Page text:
The ol' boys down at Memphis's World Championship Barbecue Cooking Contest thought it was a hoot that these two guys from Canada were nosing around the smoking pits, peppering everyone with questions about woods and rubs and sauces. So the cooks' guards were down and they pretty much spilled the beans. Which allowed George Siu and Park Heffelfinger to fly home to British Columbia and open a totally credible outpost of Southern barbecue, Memphis Blues Barbeque House, on Vancouver's West Broadway.
Well, maybe the wine pairing suggestions are over the top-Siu raves about German Riesling with barbecue. But you learn to expect surprises while grazing the Broadway neighborhood's conglomeration of ethnic dining, where the flavors of the kitchens span the globe-Afghan, Chinese, Filipino, French, Greek, Indian, Jamaican, Japanese, Korean, Malaysian, Mexican, Russian, Vietnamese ... and Tennesseean. In the cultural bouillabaisse of Vancouver, you may hear Mexican music in a Vietnamese cafe and learn that the owner of the wholly authentic Jamaican place bears Chinese ancestry. It may be confusing, but it's delicious.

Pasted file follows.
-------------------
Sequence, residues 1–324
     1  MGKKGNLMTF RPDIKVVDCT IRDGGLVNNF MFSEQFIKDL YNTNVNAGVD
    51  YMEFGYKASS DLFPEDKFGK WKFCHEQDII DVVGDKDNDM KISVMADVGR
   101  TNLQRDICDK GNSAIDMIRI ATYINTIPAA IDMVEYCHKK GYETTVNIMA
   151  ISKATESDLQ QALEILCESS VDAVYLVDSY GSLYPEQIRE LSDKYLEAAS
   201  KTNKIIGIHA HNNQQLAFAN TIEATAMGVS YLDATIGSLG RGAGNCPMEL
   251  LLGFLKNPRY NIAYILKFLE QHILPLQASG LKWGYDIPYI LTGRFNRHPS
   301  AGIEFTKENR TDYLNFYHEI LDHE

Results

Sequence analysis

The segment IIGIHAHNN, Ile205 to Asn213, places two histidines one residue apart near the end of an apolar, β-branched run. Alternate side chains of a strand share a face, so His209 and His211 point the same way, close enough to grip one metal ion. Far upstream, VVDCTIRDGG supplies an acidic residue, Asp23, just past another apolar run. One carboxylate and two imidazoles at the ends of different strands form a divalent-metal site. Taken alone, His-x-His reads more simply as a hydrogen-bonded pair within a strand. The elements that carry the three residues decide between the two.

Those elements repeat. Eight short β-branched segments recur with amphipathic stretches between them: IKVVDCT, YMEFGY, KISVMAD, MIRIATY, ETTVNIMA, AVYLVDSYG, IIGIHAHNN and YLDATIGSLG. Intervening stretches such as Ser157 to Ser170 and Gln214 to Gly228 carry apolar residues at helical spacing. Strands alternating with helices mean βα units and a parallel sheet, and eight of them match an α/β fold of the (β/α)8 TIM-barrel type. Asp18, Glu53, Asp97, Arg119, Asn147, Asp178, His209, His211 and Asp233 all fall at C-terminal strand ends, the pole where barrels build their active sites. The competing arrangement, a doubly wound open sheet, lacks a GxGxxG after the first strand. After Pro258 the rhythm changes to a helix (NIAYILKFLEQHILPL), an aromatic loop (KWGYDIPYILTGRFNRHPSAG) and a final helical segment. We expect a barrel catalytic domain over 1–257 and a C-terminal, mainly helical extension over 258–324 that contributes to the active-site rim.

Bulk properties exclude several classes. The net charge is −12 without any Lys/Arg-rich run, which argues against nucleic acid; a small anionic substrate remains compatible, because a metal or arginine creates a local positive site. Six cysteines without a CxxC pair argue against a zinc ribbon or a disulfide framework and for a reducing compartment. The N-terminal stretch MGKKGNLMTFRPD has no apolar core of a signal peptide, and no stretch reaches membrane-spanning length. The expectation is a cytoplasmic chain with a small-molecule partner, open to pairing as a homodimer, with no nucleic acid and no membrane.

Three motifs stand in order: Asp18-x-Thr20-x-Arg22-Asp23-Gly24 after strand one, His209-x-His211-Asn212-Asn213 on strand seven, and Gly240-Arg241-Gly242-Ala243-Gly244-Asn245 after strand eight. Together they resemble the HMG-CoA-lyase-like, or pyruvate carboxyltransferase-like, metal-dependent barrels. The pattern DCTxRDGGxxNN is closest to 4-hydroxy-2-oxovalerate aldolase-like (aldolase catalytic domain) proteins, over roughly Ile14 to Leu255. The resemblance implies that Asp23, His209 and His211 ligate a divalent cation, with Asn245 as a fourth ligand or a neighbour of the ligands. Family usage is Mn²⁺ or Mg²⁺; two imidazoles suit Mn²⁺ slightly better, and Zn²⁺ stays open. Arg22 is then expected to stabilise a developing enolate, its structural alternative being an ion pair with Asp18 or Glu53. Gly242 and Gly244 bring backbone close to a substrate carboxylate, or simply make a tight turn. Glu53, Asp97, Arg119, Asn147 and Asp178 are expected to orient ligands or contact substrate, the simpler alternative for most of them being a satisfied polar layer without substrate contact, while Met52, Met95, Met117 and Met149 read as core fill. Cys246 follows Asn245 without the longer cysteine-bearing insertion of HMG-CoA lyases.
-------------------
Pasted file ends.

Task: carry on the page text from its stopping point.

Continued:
Thanks to Canada's liberal immigration policy and Vancouver's strategic place in the Pacific Rim economy, the city has become a mecca of multicultural dining. Think San Francisco with parking. And menu prices shredded by the favorable exchange rate. Although Broadway boasts at least one famously expensive restaurant, Lumière (2551 W. Broadway; 604/739-8185), two can feast on lunch at most places for less than $20 U.S.
Nice 'n' Spicy Reggae Cafe offers one of Broadway's liveliest ethnic dining experiences, with Jamaican curries, spicy jerk chicken, and very spicy pork stew with a hint of cinnamon. Owner-chef Andrew Yap-Chung has no formal training; it's just the down-home Caribbean chow he learned to cook from his family. "There's real food, and then there's artificial food," he says. "I don't go in for fancy presentations, like parsley sprinkled on things."